In Hyderabad, the businessman Piyush Mehta said it took him about four days to arrange two donors for his 46-year-old sister. She was hooked to a ventilator and had already been administered the steroid dexamethasone—the only drug foundto have significant benefits for COVID-19 patients—and other experimental medicines such as remdesivir and tocilizumab. With no improvement in her condition, the doctors turned to plasma therapy. “We must have spoken to at least 4,000 people,” he said. His sister died in the first week of August. Mehta said, “I sometimes think about what went wrong in my sister’s case and feel that we got delayed in getting plasma.”

Often blood banks take at least a few hours to clear the formalities of testing and extracting plasma. Donors for the Patna patient had to wait two days for the blood bank to extract plasma as there was reportedly a massive shortage of staff. 

“One of the biggest issues ethically is that the medical fraternity is seeking donation for a therapy that has very little evidentiary value,” Dr Sanjay Nagral, a surgical gastroenterologist and member of the editorial board of Indian Journal of Medical Ethics, said.

Dr Meenu Bajpai, who is in charge of Department of Transfusion Medicine at Institute of Liver and Biliary Sciences, said that the institute gets between 25 and 30 donors everyday, of which at least half are replacement donors. “In the initial days of the pandemic, my team called over 900 recovered patients from a list of people who had been COVID-positive people in the city,” she continued. “Only 30 donors turned up, of whom 15 were eligible and finally donated. Some were extremely upset over the repeated calls they were getting for plasma donation.” 

Bajpai is of the opinion that it is difficult to manage the demand for plasma without some sort of replacement donation, though the response is getting better with the increased awareness. Delhi’s Lok Nayak Hospital, for instance, gets about five to ten voluntary walk-in plasma donors, said Dr Sunil Kumar, who handles the blood bank there.

Activists who work towards increasing voluntary blood donation in the country said that seeking replacement of convalescent plasma is unacceptable. “In short, the government and the hospitals are saying that they will not try a treatment unless you get a donor,” Vinay Shetty, the vice president of Think Foundation in Mumbai, a non-profit organisation that works to help thalassaemia patients get blood transfusions, said. “This coercion only fosters corruption.”

In some cases, state governments have introduced policies to invite plasma donors, though the ethics of such policies are suspect. In July, the Karnataka government announced an incentive of Rs 5,000 to anyone donating plasma, which is against Rule 122-P of the Drugs and Cosmetics Act, 1940, which explicitly prohibits collection of blood or blood products from a paid or professional donor. Since the beginning of the pandemic though, only 15 people have come forward in the state to donate plasma, of whom only nine were eligible. Dr R Sreelatha, a professor of immuno-hematology and blood transfusion at Bengaluru’s Victoria Hospital, said that the announcement was misguided. “I worry that the blood donation will not be considered voluntary because of the announcement,” she said. She added that despite the announcement, donors have not received remuneration and some donors had explicitly asked about it.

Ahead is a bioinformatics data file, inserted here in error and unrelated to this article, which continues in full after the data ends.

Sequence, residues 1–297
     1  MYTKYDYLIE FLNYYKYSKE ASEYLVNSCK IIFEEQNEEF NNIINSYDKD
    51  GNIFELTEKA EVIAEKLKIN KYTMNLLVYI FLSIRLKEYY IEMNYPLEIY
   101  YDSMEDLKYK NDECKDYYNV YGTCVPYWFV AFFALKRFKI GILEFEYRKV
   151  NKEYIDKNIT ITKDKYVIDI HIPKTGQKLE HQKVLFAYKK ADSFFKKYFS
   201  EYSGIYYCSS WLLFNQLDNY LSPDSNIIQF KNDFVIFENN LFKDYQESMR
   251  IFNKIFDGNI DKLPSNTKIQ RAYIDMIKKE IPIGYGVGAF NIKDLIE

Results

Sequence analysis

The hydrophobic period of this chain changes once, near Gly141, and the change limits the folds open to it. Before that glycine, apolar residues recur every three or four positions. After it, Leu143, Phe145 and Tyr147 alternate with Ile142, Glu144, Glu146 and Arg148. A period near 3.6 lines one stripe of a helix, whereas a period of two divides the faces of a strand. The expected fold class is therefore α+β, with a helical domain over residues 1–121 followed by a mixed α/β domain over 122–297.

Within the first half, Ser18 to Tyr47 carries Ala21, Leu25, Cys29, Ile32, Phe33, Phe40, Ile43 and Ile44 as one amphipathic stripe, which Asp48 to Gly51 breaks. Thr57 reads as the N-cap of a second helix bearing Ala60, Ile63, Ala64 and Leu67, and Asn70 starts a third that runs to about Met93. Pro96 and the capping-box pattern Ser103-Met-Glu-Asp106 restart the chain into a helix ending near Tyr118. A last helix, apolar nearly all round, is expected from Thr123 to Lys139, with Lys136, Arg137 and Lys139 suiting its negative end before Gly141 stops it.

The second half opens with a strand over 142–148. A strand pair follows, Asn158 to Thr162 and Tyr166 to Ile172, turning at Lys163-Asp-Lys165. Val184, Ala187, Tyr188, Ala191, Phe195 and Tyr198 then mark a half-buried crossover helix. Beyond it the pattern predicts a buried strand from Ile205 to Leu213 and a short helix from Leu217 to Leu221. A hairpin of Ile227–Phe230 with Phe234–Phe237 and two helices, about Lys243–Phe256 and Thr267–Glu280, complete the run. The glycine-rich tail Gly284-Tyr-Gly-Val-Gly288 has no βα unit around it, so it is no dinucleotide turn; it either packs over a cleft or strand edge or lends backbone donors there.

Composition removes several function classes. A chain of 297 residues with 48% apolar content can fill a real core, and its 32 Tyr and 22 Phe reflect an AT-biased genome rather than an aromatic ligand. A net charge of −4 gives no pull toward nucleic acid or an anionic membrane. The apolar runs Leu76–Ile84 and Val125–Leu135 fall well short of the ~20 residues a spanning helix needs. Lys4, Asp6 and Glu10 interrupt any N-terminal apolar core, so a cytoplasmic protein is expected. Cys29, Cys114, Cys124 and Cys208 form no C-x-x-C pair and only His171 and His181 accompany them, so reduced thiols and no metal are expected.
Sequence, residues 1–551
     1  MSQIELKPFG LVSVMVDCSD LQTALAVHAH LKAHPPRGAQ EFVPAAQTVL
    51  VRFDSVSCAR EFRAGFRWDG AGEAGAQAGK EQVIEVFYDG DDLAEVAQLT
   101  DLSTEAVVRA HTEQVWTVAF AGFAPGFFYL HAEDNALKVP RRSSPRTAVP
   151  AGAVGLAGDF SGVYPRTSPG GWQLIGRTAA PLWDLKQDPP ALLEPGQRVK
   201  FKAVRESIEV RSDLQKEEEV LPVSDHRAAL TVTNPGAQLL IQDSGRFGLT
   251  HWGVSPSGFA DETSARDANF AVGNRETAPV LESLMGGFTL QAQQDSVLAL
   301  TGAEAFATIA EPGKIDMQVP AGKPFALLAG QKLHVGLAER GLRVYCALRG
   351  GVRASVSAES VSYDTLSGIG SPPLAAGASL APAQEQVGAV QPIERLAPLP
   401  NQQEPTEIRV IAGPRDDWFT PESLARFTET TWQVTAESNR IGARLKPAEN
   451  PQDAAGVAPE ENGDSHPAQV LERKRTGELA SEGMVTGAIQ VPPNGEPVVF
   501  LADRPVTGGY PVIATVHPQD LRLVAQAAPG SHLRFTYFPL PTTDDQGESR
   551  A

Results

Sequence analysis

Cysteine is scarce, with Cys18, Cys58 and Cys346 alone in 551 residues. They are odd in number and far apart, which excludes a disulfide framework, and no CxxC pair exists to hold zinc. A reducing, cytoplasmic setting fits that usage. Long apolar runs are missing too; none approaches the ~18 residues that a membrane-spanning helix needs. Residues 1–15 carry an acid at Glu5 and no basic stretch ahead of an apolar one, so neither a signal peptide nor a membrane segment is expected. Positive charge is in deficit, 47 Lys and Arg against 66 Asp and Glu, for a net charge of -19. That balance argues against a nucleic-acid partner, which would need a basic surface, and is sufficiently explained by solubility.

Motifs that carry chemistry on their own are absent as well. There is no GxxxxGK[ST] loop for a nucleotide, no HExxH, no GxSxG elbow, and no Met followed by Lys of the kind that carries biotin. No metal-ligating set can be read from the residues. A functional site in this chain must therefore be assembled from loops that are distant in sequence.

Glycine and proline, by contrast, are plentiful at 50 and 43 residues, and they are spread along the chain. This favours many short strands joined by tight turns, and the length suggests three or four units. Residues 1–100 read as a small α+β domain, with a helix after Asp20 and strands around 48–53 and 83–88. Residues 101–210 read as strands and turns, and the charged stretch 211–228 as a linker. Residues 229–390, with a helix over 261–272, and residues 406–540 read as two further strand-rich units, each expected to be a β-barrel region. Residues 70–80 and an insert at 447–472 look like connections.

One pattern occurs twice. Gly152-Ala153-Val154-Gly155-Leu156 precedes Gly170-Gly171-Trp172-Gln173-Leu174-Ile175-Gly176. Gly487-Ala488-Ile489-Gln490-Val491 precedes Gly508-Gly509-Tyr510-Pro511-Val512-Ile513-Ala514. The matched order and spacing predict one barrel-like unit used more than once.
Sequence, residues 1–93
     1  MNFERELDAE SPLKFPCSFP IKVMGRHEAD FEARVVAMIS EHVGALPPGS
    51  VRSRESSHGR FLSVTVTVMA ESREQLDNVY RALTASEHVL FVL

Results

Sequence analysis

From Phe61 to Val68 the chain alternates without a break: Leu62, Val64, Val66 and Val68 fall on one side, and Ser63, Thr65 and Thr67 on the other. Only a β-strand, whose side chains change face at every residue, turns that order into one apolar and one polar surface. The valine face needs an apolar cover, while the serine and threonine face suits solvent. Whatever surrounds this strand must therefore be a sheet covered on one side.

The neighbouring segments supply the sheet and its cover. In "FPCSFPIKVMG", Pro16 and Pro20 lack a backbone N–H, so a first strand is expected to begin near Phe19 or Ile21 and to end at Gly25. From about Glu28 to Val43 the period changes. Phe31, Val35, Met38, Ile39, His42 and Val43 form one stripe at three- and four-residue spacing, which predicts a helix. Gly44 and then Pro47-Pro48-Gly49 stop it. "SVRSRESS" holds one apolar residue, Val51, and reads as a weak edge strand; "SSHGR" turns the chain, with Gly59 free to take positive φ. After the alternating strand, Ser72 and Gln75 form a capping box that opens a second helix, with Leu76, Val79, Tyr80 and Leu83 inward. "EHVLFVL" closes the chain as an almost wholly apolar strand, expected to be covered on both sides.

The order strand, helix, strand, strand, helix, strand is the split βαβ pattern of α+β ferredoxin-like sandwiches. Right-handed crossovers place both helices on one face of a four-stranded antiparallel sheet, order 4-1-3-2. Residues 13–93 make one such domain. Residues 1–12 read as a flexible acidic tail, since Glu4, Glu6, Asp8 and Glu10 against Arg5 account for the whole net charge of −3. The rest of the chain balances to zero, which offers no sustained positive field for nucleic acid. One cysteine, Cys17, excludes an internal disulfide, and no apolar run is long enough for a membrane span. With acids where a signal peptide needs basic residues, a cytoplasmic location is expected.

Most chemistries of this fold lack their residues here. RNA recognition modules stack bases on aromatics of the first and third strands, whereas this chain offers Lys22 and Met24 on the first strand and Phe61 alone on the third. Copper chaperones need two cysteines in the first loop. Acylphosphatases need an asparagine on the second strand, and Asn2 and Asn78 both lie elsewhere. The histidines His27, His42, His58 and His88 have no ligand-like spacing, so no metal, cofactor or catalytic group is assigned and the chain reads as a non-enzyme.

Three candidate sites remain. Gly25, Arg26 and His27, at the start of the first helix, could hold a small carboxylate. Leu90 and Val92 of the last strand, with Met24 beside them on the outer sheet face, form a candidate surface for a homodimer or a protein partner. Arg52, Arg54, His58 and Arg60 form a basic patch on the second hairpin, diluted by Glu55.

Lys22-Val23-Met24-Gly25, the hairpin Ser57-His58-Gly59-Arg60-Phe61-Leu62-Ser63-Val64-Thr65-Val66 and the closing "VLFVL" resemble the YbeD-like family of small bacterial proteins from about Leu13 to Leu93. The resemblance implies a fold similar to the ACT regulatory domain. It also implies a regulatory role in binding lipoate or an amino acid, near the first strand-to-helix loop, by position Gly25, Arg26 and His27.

Dr Gupta distanced the National Blood Transfusion Council from the Karnataka government’s policy, saying that since health is a state subject, the council did not have much role to play. Andhra Pradesh has also started a scheme to incentivise donors and Bihar is reportedly considering a similar policy. 

While Karnataka is paying donors, other states are charging patients for plasma. The Punjab government recently announced that it will charge a steep Rs 20,000 per unit of plasma for patients in private hospitals. This is even more than the cost at private hospitals in other parts of the country, which is about Rs 16,000 per unit. The National Blood Transfusion Board laid out in its guidelines in 2017 that the processing fee for collecting plasma can be up to Rs 500. This is for plasma obtained by separating it from donated blood. Doctors are using a different process to get plasma for COVID-19 called apheresis, where a donor’s blood is circulated through a machine that separates out plasma, and the rest of the blood is returned to the donor’s body. This is a costlier process because of the technology used. But in the absence of any guidelines or regulation both private hospitals and state government are free to decide the cost of plasma.  

These state-level policies expose the regulatory vacuum in convalescent plasma donation for COVID-19 patients, according to activists. Rajat Agarwal who runs Sankalp India Foundation that works towards voluntary blood donation in Bengaluru said that the government should counsel COVID-19 convalescents discharged from hospital to donate plasma and perhaps even set up a call centre to help coordinate plasma donations. Summarising both problem and solution in a single line, Patna patient’s son-in-law said, “The government should be arranging for plasma and should not be waiting for the patients’ relatives to organise it. Despite his family’s efforts and getting plasma therapy, the Patna patient died earlier this month.